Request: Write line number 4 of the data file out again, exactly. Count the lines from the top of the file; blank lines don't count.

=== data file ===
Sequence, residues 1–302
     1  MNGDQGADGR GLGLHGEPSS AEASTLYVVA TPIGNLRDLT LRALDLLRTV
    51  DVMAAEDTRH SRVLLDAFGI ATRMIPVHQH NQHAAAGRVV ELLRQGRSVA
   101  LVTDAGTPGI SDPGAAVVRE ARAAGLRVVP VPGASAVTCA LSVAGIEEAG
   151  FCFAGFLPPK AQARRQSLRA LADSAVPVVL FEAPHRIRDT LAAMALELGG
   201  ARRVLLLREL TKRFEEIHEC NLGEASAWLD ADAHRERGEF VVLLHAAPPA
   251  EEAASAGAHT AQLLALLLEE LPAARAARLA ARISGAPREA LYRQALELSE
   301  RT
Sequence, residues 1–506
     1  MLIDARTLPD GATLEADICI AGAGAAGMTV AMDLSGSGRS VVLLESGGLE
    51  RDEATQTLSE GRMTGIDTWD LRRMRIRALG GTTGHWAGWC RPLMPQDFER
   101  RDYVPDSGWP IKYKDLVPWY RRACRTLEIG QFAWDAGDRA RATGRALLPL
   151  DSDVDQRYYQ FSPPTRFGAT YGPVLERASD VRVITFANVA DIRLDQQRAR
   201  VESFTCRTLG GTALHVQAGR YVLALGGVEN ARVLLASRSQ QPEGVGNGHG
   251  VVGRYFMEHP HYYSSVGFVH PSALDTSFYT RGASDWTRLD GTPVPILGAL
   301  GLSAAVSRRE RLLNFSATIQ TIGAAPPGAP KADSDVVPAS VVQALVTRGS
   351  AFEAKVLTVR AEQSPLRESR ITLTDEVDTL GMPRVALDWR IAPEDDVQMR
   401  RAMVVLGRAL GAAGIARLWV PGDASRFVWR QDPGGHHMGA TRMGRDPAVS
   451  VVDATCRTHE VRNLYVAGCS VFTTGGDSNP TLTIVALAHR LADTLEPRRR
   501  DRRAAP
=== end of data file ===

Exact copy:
   101  LVTDAGTPGI SDPGAAVVRE ARAAGLRVVP VPGASAVTCA LSVAGIEEAG